This afternoon I did it; I walked in to Costco, one of my husband’s favorite big-box stores, and renewed my membership for another year. I told the clerk that I needed to update my information because my husband had passed away, and she very kindly looked after me. We talked about cancer for a couple of minutes–when a person asks me how my husband died and I say it was esophageal cancer, that person invariably offers a story about losing someone in his or her family to one form or another of this terrible, life-robbing disease. Sometimes it’s colon cancer, other times it’s bone or breast or lung cancer–the specifics vary but the outcomes often remain the same.
Once the clerk deactivated my husband’s card, changed the membership to solo and took my picture, I steered my cart into the main shopping area. Now, I am not nearly the shopper that Gary was: he loved to look at every single thing in the store, and so he walked up and down each aisle, watching out for great bargains on gas-powered pressure washers or paper towels or stuffed olives. I was quite content to browse in the electronics section and then meander over to the book section before meeting him in the fresh vegetables aisle. I usually had plenty of time to read the dust-jackets on any book I was considering purchasing, and even to stop at the snack bar for a bottle of water and a sit-down while waiting for hubby to finish filling our cart with his found treasures.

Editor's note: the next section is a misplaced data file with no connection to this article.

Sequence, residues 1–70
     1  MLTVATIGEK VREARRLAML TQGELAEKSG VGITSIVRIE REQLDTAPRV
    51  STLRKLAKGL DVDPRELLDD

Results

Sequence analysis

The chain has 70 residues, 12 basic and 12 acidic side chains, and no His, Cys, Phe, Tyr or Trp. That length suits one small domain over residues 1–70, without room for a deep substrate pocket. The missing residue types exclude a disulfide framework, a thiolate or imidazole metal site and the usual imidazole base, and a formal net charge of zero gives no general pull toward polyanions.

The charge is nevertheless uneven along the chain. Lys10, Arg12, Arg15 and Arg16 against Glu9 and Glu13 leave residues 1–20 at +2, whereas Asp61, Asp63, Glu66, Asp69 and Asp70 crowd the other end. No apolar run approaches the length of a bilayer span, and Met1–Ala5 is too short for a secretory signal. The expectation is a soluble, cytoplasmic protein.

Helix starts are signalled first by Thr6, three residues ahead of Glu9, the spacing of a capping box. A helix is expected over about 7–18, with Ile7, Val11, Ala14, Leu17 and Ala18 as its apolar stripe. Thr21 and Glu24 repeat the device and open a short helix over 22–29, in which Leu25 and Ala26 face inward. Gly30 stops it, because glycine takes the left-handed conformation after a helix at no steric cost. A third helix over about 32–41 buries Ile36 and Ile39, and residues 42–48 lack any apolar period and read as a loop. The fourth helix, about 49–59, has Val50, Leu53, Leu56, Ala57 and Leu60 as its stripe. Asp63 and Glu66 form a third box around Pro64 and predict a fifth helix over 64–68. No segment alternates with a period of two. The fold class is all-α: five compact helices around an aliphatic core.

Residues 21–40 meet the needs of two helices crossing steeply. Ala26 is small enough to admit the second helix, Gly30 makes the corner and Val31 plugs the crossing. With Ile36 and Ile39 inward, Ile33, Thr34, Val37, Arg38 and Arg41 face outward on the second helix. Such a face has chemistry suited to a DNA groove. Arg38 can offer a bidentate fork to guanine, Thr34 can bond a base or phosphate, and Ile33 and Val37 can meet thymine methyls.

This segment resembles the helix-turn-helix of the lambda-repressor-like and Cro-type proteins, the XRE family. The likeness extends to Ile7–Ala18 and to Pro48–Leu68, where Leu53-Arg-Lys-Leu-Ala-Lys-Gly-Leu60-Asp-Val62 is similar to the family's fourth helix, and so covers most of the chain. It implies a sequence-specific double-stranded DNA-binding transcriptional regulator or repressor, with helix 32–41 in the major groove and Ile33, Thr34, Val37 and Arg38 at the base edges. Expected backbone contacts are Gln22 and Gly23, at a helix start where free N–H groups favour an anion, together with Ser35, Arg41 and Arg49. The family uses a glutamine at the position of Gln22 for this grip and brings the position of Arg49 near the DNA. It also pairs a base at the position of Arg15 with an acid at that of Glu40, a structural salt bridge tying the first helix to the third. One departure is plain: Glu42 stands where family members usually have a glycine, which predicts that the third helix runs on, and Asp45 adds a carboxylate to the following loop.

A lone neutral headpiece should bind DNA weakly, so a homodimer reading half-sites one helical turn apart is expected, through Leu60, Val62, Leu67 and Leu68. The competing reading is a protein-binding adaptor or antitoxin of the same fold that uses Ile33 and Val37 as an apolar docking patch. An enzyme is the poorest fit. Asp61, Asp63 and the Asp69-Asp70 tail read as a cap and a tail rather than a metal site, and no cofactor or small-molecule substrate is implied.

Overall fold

Today I was determined to buy only necessities; I needed laundry detergent and dishwasher detergent and facial tissue, and perhaps a magazine at 25% off the cover price.
What’s that I see? Padded mattress covers that would be perfect on two of the beds at my cottage–well, I had to put those in the cart. And pre-cooked spare ribs would be great reheated on the bar-b-q this weekend if we decide to forego the chicken skewers that I had already placed in my cart next to the twelve boxes of facial tissues.
And so I went, up one aisle and down the next, inexplicably drawn from coffee makers to laminate flooring to slabs of cheese that would last me several months if they didn’t expire first! I could feel Gary’s presence, urging me to stop for a minute to check out the latest in food processors, and gently poking me in the ribs to remind me to pause at the selection of potato chips and oh, don’t forget the French onion soup in the frozen food section.
By the time I left the store my shopping cart was full. Besides the items I originally planned to purchase I also bought the aforementioned ribs and chicken skewers and a ready-to-bake lasagna for tonight’s supper. I picked up large blue garbage bags and large green garbage bags and pro-biotic capsules that might help my digestion. I even picked up a twelve-pack of paper towels and a very large bottle of stuffed olives. The only thing missing from my grocery cart was a gas-powered pressure washer!
I think Gary would have been proud of me.